One of my favorite quotes is by J.R.R. Tolkien: "All we have to decide is what to do with the time that is given to us." Here I'm giving glimpses of all I am deciding in the time that is given to me. Enjoy! All pictures and posts are mine, thank you! Please ask permission for photo use.

Wednesday, October 23, 2013

morning magic

Morning Magic
By Natalie Ramirez

I sang with the stars
and drove west
to a fat harvest moon,
low in the sky,
a bright orange beacon
glowing in the cold autumn air.

The first golden streak
that pierced the horizon
transformed the dark indigo velvet
where Orion and Cassiopeia had danced
into a robin's egg blue sea
and painted the sky
with dappled pink clouds,
the color of cotton candy
at the state fair.

Golden leaves that glittered
as they fell
in patches of sun
that peeked through canopies
of green, red, orange, and brown
whispered morning magic
as black birds sailed
past fluffy white contrail.

I drove through rolling green hills
that saw the civil war,
past tracks where Southern served the south,
past crumbling silos and headstones,
into land
where some are awakening from deep, long sleep
as others slumber on.

Saturday, October 12, 2013

gaining ground

When I was younger, I desperately wanted to live on a farm. I also wished I had been born a boy, and much of that had to do with my intense dislike of dresses, barrettes, lacy socks, and the like. Plus, I liked the games the boys were playing on the playground (soccer, kickball, Batman) much more than I liked the girl games (hair braiding, hopscotch, "house," and dolls). I stopped wishing I were a boy a long time ago, but the appeal of a farm has never left me.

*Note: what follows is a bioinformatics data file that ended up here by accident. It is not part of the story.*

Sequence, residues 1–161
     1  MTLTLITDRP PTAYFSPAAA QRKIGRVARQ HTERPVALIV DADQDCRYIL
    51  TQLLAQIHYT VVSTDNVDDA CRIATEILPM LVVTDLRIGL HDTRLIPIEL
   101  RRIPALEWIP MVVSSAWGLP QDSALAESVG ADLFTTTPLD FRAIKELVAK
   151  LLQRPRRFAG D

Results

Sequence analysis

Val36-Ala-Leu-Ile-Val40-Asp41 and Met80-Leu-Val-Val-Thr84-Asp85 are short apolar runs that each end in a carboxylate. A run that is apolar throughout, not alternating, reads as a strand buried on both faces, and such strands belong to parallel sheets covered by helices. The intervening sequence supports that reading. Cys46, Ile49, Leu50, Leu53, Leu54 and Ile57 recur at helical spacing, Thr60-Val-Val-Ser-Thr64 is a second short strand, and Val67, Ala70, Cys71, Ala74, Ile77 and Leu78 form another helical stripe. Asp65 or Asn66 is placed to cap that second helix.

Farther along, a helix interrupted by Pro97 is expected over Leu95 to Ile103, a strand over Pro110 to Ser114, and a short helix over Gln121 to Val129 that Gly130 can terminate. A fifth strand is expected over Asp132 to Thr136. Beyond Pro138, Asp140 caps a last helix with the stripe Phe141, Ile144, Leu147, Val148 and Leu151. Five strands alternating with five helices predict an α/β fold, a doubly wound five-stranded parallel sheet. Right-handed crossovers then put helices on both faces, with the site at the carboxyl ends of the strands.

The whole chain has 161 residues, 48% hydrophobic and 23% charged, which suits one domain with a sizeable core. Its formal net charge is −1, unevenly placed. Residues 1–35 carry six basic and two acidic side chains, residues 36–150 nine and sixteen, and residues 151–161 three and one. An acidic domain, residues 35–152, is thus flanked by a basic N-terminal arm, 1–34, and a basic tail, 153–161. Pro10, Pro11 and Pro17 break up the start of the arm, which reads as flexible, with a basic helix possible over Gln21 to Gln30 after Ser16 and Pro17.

I wrote a story in the 5th grade, one that won a competition and allowed me to attend a young writers' conference at the local university. The story's setting? A farm.

During my years at university, I spent two summers working on a horse farm. The intense physical labor, the connection with nature, the exhaustion in my body at the end of the day, and the interaction with animals was nothing short of glorious.

Today, I like to support local, organic farms by choosing to purchase their goods at farmers' markets or my local organic market. One farm that I discovered at the Del Ray farmer's market is Smith Meadows. It's 75 miles from my home and, while I don't eat meat, I've encouraged my partner to purchase his meat from their booth since all animals are grass-fed, humanely raised, and not treated with hormones or antibiotics (and the pasture is not chemically fertilized or treated with pesticides). They also sell free range eggs from grass-fed hens as well as homemade pastas and sauces.

I was so excited when I learned that the lead farmer, Forrest Pritchard, wrote a book about his experiences of being born into a farming family, choosing to become a farmer himself, overcoming huge obstacles to achieve the success he has today, and learning how the earth takes care of itself when humans take care of it in turn.

I just finished the book yesterday afternoon and already feel like I could read it again. Fabulous writing coupled with fascinating stories (all true!) made for a really fun read. It's so much better knowing where our food comes from and it's comforting knowing that there are still farmers, unsubsidized by the government, that farm with integrity.

For anyone who ever dreamed about living on a farm and for those who want a closer look at farm life, working with the earth, and knowing where your food comes from, I highly recommend this book. You won't be able to put it down.

Thursday, October 10, 2013

a pie for a rainy day

It's a cold and super rainy October day, there's a leak in the ceiling, and I worked a 10-hour stretch. What else was there to do but go home and make a tofu pumpkin pie?

What do you do when you want a little lift on a grey and stormy day?

Wednesday, October 9, 2013

walking down the aisle